Unisex baby names are all the rage at the moment. Department stores are starting to make their toy sections ‘gender neutral’. And I still don’t know if Tweety Bird is male or female.

But that’s still no excuse for calling my daughter a boy.

Yep, I’ve heard it all. “What a gorgeous boy”. “My daughter just had a son too”. “Is he being a good boy for you?”

Well no, my child isn’t being a very good boy. For starters, ‘he’ doesn’t have the main appendage that would indicate the presence of an XY chromosome.

Secondly, ‘he’ is dressed entirely in a pink outfit with rainbows and carrying a bright pink teddy with PRINCESS hand-embroidered across its torso. So unless she pulls a Tonka Truck from her ass and lifts her leg to fart in your general direction, my daughter is failing epically at the stereotypical ‘boy’ thing.

I accept most babies look unisex at first.

They’re all wrinkly and hunched up, like little squirmy gnomes. But that’s why we invented pink and blue, isn’t it? So you wouldn’t label someone’s kid by the wrong gender? So you wouldn’t have to hear the low growl that escapes my throat as you lean over my pink pimped pram in the shopping aisle? (Don’t worry, I would never REALLY growl. That’s very unladylike and I wouldn’t want to teach my baby girl bad manners. She already has a hard enough time proving she has a vagina).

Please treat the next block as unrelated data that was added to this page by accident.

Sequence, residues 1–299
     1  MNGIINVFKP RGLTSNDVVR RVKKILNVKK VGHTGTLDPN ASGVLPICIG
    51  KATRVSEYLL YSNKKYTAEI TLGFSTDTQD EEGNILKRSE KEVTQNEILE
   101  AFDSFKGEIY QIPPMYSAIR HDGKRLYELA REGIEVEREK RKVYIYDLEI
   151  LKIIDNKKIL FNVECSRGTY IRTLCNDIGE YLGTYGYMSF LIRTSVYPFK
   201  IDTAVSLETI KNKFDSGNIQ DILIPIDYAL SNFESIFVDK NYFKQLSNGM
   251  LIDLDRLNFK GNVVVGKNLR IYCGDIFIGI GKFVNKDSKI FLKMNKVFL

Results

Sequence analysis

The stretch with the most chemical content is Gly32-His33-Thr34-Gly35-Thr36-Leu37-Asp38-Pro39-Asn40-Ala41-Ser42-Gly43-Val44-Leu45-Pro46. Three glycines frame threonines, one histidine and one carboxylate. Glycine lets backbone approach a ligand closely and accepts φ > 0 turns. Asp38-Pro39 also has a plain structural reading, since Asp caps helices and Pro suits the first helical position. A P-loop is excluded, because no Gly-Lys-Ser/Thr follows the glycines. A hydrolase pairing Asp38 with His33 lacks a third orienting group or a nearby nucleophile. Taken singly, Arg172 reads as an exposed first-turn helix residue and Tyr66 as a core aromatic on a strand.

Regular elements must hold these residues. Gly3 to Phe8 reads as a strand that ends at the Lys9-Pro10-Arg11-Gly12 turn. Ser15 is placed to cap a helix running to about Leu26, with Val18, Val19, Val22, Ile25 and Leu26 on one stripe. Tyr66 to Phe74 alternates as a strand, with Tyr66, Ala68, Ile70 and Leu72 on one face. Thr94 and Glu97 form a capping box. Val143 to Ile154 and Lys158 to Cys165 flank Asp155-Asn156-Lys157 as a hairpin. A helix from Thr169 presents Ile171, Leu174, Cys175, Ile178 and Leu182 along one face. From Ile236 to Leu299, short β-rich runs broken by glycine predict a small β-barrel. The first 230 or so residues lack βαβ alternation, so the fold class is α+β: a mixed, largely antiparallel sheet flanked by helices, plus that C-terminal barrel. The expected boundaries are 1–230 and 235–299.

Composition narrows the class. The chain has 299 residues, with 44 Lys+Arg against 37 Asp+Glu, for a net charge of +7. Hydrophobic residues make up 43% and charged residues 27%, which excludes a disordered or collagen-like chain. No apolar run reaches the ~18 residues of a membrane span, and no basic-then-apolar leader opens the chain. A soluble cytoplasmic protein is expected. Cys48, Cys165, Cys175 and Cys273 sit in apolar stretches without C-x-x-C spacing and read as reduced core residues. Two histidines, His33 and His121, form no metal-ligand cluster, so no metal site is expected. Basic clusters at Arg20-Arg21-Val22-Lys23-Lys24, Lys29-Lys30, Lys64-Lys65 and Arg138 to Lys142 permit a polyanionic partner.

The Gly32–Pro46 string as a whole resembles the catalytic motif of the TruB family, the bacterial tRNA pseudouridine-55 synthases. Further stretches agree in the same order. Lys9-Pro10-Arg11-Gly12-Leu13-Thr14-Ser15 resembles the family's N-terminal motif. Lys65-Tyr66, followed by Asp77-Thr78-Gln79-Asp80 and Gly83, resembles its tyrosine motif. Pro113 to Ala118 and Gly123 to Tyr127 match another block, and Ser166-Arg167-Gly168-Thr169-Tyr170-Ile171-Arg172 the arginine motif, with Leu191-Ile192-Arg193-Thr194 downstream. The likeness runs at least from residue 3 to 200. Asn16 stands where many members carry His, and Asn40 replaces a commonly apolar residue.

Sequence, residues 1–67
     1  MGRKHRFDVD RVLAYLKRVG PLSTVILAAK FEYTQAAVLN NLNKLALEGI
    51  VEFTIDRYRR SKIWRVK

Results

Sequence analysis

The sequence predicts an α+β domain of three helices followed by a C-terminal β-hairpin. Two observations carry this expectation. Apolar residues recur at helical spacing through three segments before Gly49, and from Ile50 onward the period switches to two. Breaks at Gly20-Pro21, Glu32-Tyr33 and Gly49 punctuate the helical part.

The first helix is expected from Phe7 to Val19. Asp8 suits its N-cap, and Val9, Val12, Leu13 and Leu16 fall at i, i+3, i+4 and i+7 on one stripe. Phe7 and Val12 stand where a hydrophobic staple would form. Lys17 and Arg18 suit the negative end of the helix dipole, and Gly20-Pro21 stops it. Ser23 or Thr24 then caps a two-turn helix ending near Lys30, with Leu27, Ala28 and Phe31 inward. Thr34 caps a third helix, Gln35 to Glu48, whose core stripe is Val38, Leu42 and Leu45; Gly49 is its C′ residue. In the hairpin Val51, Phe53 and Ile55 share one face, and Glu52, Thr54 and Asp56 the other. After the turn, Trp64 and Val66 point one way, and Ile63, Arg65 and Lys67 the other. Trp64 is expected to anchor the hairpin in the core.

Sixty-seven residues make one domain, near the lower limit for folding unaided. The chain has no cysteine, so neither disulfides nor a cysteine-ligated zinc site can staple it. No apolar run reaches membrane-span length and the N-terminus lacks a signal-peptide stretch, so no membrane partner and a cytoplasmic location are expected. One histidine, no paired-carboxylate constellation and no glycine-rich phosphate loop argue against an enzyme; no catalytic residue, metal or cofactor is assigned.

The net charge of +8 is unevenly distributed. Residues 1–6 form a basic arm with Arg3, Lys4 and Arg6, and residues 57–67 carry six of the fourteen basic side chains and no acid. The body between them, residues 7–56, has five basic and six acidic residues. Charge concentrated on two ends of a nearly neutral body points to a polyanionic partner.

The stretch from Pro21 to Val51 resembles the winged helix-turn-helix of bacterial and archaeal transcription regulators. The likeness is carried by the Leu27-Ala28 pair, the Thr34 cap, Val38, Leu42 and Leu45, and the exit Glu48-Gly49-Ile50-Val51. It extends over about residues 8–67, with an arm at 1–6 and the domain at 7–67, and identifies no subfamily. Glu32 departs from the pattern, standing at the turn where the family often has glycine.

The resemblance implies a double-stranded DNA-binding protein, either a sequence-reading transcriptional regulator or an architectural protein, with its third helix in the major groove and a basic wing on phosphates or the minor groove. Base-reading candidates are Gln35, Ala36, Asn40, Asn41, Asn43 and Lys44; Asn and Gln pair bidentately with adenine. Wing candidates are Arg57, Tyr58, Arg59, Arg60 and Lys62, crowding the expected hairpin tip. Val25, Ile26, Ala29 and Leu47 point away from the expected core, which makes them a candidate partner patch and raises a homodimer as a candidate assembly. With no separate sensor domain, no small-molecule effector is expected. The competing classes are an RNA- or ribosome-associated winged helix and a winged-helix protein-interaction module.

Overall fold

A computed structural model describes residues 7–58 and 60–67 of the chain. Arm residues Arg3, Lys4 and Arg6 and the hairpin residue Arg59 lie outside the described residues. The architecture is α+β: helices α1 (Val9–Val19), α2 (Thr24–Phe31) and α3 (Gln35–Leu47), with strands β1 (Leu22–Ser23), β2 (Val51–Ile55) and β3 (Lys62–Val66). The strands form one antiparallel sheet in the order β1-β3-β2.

Maybe it’s not your fault. Maybe it’s because back in the olden days when there were dragons, everyone wanted boys to work the fields and procreate – and girls were left to scrub floors, prick their fingers on sewing machines and marry their hairy kidnapper under the impairment of Stockholm Syndrome (back then they called it ‘Love’). So then if anyone was seen outside with a baby it MUST be a boy,  because girls and kitchens right?

Then again, maybe I didn’t give enough hints.

I mean that pink dress could easily be confused for a muumuu. And those toenails I painted on her when I was feeling bored one night (don’t judge me) could also be indicative of an extremely premature teenage boy ‘emo’ phase.

On a side note, have you ever noticed that many species of male butterfly have streaks of pheromone-producing scales on their forewings? Of course, you didn’t. Just like you obviously didn’t notice the BIG PURPLE butterfly on the BRIGHT PINK dummy protruding from her MOUTH.

That’s OK though, you never have to see me again. And she could always grow up to be a raging lesbian anyway (which I’d be totally happy with by the way).